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Writer's Room => Chapter Books, Easy Readers, and Middle Grade (MG) => Topic started by: charles-richardson1 on February 02, 2021, 05:47 PM

Title: Early Reader Advance
Post by: charles-richardson1 on February 02, 2021, 05:47 PM
What is a typical advance for an Early Reader? Chapter Book?

Any info would be appreciated.  Thanks.
Title: Re: Early Reader Advance
Post by: Debbie Vilardi on February 02, 2021, 06:19 PM
Advances vary greatly. This depends on the size of the publisher and their budget, the level of illustration needed (because the budget has to cover those too), the track record of the author, and other things I can't think of, I'm sure. Sorry I can't be of more help.

Title: Re: Early Reader Advance
Post by: Mrs. Jones on February 03, 2021, 05:02 AM
Debbie's right. But I think you can expect that the advance on an early reader or chapter book is going to be on the lower side of the scale unless you're already a popular author. There's also the illustrator to consider, especially if it's heavily illustrated. I don't think you would split the advance in half, as with picture books, but it's something to keep in mind.

Also, remember that the advance goes against the royalties you'll earn. You have to earn back the advance in royalties before you begin to see checks again.

All that said, I've "heard" of advances as low as $2,000 and as high as $7,000 in these categories. Another thing to remember is that you don't receive the advance all at once. Typically it's split in two or three portions. A check when you sign (which can take up to 2 months from the date you agree on a contract to the date you actually receive one), and a check when the manuscript is submitted and totally finished, as in, ready for the copyeditor (that can take 9 months to 1 1/2 years, depending on the project and the editor's schedule). If it's split in three the next check would usually be issued upon publication.

Going with a strong publisher for this age range is helpful because you get access to the school and library market. It's very difficult for indie books and smaller presses to break in without spending a ton of marketing money and a lot of time figuring it all out.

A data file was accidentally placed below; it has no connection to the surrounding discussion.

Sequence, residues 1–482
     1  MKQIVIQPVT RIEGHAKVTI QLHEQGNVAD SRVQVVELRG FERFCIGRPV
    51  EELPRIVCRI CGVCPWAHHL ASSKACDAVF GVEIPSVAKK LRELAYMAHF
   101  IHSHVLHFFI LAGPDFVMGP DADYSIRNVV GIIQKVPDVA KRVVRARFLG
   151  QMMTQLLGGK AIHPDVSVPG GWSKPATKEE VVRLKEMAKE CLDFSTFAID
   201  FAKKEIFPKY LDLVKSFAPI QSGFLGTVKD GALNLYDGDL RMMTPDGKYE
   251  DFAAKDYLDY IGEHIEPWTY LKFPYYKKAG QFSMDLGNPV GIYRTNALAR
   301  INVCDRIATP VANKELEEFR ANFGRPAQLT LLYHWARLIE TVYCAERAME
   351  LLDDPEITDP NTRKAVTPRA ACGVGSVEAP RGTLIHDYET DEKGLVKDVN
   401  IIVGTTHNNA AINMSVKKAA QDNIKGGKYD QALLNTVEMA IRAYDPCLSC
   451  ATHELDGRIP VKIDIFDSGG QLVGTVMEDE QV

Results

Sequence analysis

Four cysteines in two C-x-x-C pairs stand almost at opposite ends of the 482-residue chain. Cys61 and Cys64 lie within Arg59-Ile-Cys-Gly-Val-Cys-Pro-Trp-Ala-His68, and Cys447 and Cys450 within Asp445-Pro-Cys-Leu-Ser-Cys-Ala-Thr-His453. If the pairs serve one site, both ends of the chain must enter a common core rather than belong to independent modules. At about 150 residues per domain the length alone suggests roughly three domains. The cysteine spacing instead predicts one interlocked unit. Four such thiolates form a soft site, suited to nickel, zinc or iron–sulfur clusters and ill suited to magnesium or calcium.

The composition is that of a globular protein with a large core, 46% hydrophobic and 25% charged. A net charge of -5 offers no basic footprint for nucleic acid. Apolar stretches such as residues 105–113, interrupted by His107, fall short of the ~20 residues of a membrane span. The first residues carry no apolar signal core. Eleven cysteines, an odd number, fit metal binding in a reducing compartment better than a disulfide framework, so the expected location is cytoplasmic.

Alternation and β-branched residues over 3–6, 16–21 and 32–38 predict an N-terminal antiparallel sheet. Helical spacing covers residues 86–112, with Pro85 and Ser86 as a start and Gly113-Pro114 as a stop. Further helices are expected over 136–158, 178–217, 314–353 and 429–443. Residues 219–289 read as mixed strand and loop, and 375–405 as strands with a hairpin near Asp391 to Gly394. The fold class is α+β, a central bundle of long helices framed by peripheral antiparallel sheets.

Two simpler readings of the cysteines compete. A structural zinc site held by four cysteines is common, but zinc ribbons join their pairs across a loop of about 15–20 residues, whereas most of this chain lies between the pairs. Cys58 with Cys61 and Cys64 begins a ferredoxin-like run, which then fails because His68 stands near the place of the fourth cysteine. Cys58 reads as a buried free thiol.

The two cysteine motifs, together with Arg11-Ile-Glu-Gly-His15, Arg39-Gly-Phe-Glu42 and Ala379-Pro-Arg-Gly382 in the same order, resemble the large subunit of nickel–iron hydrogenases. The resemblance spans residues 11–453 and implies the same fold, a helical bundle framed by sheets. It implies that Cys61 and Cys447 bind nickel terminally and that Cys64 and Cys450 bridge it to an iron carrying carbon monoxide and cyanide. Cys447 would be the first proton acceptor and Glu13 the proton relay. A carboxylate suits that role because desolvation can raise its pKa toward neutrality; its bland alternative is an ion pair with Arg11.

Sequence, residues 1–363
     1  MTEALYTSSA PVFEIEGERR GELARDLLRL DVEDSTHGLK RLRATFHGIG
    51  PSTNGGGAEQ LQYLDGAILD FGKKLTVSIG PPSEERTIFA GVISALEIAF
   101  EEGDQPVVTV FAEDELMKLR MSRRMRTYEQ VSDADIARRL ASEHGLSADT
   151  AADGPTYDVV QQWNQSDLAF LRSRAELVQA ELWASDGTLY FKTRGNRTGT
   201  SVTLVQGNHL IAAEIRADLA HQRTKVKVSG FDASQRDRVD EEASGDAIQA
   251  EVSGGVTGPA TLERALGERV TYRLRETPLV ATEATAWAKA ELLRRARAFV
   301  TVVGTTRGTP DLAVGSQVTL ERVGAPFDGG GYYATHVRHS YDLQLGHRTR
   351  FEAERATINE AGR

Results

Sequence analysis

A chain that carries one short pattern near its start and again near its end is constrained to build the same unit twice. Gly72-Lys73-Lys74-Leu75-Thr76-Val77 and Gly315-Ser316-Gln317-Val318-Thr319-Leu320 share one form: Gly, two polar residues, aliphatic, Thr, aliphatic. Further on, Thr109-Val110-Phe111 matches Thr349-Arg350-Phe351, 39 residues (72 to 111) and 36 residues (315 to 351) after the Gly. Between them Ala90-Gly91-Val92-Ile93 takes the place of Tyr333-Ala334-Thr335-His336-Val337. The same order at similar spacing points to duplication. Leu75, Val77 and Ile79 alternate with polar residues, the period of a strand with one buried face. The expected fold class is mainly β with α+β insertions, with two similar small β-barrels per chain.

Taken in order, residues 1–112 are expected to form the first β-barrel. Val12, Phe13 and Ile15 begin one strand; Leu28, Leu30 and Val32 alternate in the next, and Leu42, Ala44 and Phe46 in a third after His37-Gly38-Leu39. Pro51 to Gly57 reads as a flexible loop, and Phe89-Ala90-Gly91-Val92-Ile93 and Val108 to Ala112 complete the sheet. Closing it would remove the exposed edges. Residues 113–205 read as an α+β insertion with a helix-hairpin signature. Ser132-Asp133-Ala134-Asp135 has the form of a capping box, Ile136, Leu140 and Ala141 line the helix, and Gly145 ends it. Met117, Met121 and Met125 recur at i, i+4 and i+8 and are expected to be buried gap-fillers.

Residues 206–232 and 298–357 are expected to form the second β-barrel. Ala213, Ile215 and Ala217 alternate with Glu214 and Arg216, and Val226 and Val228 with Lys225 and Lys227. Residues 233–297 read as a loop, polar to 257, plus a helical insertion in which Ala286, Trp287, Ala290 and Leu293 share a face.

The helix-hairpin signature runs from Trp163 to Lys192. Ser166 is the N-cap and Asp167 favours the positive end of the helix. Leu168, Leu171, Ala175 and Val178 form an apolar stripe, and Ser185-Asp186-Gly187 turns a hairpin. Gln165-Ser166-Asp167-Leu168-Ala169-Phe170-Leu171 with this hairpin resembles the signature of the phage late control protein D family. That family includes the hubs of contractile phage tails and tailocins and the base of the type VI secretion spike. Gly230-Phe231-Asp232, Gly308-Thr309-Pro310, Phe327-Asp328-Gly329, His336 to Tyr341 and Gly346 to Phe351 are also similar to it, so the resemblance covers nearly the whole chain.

Title: Re: Early Reader Advance
Post by: charles-richardson1 on February 05, 2021, 07:55 AM
Advances vary greatly. This depends on the size of the publisher and their budget, the level of illustration needed (because the budget has to cover those too), the track record of the author, and other things I can't think of, I'm sure. Sorry I can't be of more help.

Thank you.



Title: Re: Early Reader Advance
Post by: charles-richardson1 on February 05, 2021, 07:55 AM
Debbie's right. But I think you can expect that the advance on an early reader or chapter book is going to be on the lower side of the scale unless you're already a popular author. There's also the illustrator to consider, especially if it's heavily illustrated. I don't think you would split the advance in half, as with picture books, but it's something to keep in mind.

Also, remember that the advance goes against the royalties you'll earn. You have to earn back the advance in royalties before you begin to see checks again.

All that said, I've "heard" of advances as low as $2,000 and as high as $7,000 in these categories. Another thing to remember is that you don't receive the advance all at once. Typically it's split in two or three portions. A check when you sign (which can take up to 2 months from the date you agree on a contract to the date you actually receive one), and a check when the manuscript is submitted and totally finished, as in, ready for the copyeditor (that can take 9 months to 1 1/2 years, depending on the project and the editor's schedule). If it's split in three the next check would usually be issued upon publication.

Going with a strong publisher for this age range is helpful because you get access to the school and library market. It's very difficult for indie books and smaller presses to break in without spending a ton of marketing money and a lot of time figuring it all out. 



Thank you.